A fleeting visit, a couple of phone calls, and a desire to get new processes off the ground… Gerry Woolf plays matchmaker to the battery business?
Restrictive covenants and non-compete agreements, privatisation of state-owned industries and the election of extreme right-wing leaders are just some of things this writer abhors.
Thankfully nothing lasts for ever. A little more than a year and a half ago, Battle Glascock was freed of his chains and, in the time that has elapsed, he has established a new engineering business to rebuild his fortune. And in that short period Glascock senior has laid the foundations for what could fundamentally change lead-acid battery making.
Some of BEST’s readers will remember our account of his departure from General Thermal, the company that he built and sold to Sovema. Glascock senior has learned some lessons: one of them is never to be dependent on any one industry. His new company, Industrial Technology Group (ITG), only derives 40% of its business from building specialised production equipment for lead-acid battery makers. He’s ‘out of love’ with partnerships, too.
His younger brother Chris – who works in the same premises but operates under the name Glascock International – represents BM Battery Machines in the US, operates an environment/process control consultancy, and sometimes wins business for his older brother. Glascock senior developed a curing system which he claims is very much improved over systems presently available, and with Chris’s marketing assistance, he is definitely giving the competitors something to wonder about – and the battery builder much more for much less!
The remaining 60% of the business is generated in the food production, automotive and appliance industries that find their home in “Dixie”. Significant investment into the business and the build-up of a talented engineering staff enables ITG to design, build, install and endorse speciality production lines and high speed automated assembly cells for a wide range of processes. Obviously the exposure to these other industries can only help in the solution of production problems that inevitably arise in battery making.
The broad range of automation technologies and insights in his portfolio, including vision-based systems, robotic manipulation systems and 3-D modelling software, have hardly impacted the battery business – a pity really, when this technology has been so widely employed elsewhere to augment quality and inspection processes. On his office wall are the patent notices he’s already been granted. It doesn’t take much to see that this man is driven, and keen to make things happen. In fact I have great difficulty in getting this interview down in my notebook – he’s constantly interrupted by calls, e-mails and people stepping into the office.
Given the tough business climate for lead-acid process machine specialists (a hiked lead price consolidation and the impact of China), if one can do other things then why come back to lead-acid batteries?
Despite an ability to drive his engineering business any which way he chooses, Glascock has found himself drawn inexorably toward the lead-acid battery, like a moth to a flame. It’s the same draw that has attracted others – a desire to improve what is essentially a 19th century invention and to make it deliver closer to its theoretical energy density of 50 Wh/kg.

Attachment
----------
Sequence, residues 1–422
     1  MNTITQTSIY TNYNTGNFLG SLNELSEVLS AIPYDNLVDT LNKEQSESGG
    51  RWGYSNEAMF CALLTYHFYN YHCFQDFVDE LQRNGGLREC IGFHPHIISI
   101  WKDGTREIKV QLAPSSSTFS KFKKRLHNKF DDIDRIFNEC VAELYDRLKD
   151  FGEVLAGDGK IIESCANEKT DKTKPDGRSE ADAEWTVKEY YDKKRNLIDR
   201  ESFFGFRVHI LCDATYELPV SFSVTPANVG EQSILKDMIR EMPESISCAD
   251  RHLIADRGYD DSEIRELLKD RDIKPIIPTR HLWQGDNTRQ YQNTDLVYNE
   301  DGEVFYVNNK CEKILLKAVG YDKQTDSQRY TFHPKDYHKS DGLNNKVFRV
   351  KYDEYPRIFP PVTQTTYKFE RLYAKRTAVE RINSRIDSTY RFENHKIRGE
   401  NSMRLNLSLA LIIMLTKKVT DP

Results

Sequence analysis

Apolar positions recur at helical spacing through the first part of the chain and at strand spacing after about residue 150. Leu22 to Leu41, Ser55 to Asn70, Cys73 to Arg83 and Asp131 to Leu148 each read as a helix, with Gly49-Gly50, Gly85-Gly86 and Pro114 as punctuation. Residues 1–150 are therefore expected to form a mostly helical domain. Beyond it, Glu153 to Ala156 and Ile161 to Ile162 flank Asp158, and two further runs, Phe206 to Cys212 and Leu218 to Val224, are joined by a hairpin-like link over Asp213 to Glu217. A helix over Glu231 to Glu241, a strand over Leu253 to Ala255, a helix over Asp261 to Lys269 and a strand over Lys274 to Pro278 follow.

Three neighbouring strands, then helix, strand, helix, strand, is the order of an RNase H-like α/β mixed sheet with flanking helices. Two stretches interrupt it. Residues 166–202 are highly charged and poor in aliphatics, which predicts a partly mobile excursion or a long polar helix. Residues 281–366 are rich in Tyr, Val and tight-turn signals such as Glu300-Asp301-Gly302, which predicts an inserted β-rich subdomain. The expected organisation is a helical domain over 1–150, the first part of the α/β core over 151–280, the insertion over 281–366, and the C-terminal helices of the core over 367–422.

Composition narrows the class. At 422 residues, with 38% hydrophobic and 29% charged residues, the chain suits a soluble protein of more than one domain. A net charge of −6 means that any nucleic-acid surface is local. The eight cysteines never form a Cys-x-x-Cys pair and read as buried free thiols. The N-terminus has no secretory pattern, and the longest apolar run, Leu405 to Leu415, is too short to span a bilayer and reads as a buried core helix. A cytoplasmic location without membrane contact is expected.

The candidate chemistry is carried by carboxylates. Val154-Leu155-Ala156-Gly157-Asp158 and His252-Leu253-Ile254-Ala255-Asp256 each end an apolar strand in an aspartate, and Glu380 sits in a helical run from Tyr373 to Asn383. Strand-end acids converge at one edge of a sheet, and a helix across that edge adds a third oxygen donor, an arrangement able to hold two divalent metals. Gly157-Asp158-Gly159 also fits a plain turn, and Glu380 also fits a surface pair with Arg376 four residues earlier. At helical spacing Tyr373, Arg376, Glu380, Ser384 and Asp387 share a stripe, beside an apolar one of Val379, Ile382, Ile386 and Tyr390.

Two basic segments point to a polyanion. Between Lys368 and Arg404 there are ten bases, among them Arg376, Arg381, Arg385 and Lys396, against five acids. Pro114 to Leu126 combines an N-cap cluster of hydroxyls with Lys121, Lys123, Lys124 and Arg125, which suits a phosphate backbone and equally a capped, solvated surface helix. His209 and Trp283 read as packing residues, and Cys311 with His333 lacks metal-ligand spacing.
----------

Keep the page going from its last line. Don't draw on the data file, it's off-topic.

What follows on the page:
Glascock, like the best of you, has looked at the weak spots in the battery – and my, there are plenty. A good starting point is always the existing literature, and he has immersed himself in it totally.
It should be no surprise then that he found himself looking pretty closely at the grid and, in particular, the grid-to-paste interface. It’s less than ideal for the task. If you think about it, and research the patents of our forepasters, Bush and Farre, it is easy to see that after all of these years we have never really attempted to chemically bridge the interface of the grid wall and the paste or active material face with anything other than a hope of continuity and a tighter grip on the active material. For over 150 years the approach has been to manipulate the grid design to mechanically hold the active material on the surface and expect the continuity to be there! If anything, we have made every attempt to expand the chasms by not providing any grid surface pretreatment prior to pasting. We are all guilty of leaving the machining fluids on the surface of our stamped and expanded metal strip without worry about its potential detrimental effect on the grid-to-active material interface. A bit like leaving dirt in an open wound, wouldn’t you say?
And here’s the rub: no matter what method you currently use to produce the grids – strip casting with expansion, stamping or book mould casting, there is no process in extensive use today that chemically improves or promotes the grid-to-active material interface. There is no production method that is intended solely for the manipulation of the grid surface crystallography with the intent to provide the perfect ‘abutment’, if you will, for the development of the bridge. And this is far from a good thing. In addition to the poor surface pretreatment, Mother Nature has thrown another little nasty our way that causes more than its share of harm. The naturally-occurring lead oxide layer that forms over the surface of the grid during storage is a poor conductor of electricity and drastically impedes formation. Tests have shown a dramatic increase in electrical conductivity just by removing this oxide layer. Call it formation constipation! No, we are not talking about putting the industry on a high-fibre diet, but maybe about trimming a few pounds of lead and saving a few bucks in the process.